How to grow: Melons
Pest management: Cantaloupe cultural tips, pests, and diseases
When to plant
- Transplant or direct seed: May–June
- For best results, wait until daytime temperatures are regularly over 75 degrees and soil temperature is over 70 degrees
- Start in pots for transplants: April–May; ready to transplant in 4 weeks
Harvest window: July-October, depending on variety
- Melons require a soil temperature of about 70 degrees to germinate, so a plant heat mat is often necessary if starting seeds in pots.
- Melons need full sun and high temperatures.
- Black plastic or black landscaping fabric can be used to keep the soil warm and weed free.
- Cover the plants with floating row covers to keep them warm and protected from pests. Remove the row covers when the plants start to blossom.
- Encourage bees for best pollination or hand pollinate.
- Provide an A-frame trellis or another type of structure to save garden space. To support hanging fruits, make a 'melon sling' made from soft material.
- Protect ripening melons that are on the ground by placing them on a board, tile, or other material.
Harvesting and storage
- When mature, cantaloupes and muskmelons will smell fragrant and will detach easily ('slip') from the vine. Honeydew melons don't slip, but the color of their skin will change and will become waxy.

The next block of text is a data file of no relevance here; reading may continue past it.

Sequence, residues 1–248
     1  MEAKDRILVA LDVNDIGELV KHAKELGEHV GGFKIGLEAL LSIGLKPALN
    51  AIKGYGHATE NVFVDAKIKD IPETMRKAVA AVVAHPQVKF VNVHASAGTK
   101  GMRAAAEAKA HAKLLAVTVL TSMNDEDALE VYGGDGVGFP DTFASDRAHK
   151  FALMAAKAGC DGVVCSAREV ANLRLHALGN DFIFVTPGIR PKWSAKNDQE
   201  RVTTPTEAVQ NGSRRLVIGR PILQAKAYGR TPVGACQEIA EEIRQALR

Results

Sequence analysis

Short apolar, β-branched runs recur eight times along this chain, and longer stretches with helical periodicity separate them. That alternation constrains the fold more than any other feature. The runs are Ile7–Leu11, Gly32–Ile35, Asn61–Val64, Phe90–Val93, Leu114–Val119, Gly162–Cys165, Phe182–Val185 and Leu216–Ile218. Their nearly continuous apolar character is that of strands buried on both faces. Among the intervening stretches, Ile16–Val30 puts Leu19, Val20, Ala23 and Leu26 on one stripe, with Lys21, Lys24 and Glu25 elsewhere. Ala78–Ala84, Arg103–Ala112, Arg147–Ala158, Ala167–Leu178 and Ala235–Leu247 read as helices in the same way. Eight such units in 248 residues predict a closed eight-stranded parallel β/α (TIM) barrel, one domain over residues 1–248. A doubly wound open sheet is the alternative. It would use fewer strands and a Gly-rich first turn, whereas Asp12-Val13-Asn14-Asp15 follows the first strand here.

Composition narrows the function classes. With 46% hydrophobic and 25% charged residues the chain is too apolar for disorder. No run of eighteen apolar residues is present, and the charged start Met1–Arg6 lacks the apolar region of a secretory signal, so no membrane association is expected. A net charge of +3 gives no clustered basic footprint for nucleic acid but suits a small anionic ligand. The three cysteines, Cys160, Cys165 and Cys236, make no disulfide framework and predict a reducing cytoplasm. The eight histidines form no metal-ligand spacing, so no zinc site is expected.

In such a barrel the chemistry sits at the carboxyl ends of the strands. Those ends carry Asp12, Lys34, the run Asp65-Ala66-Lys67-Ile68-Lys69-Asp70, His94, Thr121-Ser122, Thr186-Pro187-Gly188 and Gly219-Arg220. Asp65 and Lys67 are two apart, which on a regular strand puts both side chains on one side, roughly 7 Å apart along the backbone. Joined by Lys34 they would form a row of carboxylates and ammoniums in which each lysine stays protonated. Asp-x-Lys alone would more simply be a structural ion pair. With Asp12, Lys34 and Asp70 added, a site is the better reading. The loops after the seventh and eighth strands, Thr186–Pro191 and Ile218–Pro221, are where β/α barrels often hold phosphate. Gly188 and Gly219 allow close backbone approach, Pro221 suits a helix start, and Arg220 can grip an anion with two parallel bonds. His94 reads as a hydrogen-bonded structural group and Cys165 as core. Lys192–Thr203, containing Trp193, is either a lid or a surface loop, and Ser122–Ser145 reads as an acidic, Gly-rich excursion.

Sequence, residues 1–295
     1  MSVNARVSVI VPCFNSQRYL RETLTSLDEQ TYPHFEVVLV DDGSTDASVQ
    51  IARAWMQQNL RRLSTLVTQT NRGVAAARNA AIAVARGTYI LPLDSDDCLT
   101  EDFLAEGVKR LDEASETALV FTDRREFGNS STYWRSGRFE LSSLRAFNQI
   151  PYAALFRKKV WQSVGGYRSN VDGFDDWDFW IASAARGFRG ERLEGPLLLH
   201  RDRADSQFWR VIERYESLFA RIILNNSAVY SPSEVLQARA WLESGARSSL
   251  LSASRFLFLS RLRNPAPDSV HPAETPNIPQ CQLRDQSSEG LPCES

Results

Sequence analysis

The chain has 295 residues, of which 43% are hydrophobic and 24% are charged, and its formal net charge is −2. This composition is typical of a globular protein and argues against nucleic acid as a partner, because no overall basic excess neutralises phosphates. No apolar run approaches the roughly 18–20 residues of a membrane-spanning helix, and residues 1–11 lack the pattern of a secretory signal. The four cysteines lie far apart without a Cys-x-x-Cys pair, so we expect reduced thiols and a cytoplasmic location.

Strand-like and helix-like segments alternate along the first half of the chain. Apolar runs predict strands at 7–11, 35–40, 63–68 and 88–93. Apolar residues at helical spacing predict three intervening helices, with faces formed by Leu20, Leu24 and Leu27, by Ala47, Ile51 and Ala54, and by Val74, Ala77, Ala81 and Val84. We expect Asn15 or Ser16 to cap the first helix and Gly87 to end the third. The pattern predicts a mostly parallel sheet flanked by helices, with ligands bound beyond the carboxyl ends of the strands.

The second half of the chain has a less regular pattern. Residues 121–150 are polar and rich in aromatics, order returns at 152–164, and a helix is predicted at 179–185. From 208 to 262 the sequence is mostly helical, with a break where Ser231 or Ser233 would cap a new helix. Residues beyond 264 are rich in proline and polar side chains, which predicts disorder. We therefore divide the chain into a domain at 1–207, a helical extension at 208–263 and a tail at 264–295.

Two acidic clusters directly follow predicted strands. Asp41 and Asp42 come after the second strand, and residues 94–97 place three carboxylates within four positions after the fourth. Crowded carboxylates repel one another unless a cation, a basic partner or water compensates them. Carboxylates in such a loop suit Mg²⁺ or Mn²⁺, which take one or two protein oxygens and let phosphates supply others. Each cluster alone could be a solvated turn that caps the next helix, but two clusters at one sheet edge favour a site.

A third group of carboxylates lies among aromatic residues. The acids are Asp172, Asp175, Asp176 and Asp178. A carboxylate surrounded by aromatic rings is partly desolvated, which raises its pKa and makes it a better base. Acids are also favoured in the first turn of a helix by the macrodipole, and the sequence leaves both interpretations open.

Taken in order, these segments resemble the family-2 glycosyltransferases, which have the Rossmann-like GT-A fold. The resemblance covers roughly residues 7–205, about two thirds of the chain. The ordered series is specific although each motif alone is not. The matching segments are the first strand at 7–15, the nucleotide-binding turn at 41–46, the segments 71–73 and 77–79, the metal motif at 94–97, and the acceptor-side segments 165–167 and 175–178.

- Melons will soften after picking but will not increase in sweetness.
- Melons are best stored at 36-41°F and can last 12-15 days depending on the variety.
- Fruit Set Problems in Squash, Melons, and Cucumbers In Home Gardens
- Cantaloupe Fact sheet
- Honeydew Fact Sheet
Recommended Varieties for Santa Clara County*
|Cantaloupe 'Earliqueen F1'||74 days to harvest. F1 indicates first generation hybrid. More mildew resistance than Earliqueen.|
|Cantaloupe Ambrosia Hybrid||Sweet and juicy. Vines yield bumper crops and are mildew-resistant.|
|Muskmelon, Galia||A delicious green-fleshed cantaloupe, very sweet and aromatic. There are many named varieties, such as Diplomat.|
Other recommended varieties: Ogen (Haogen), Sunrise, Venus
* Many other varieties may also do well here in Santa Clara County. This list is based on UC Master Gardener trials, taste tests, and feedback from local growers.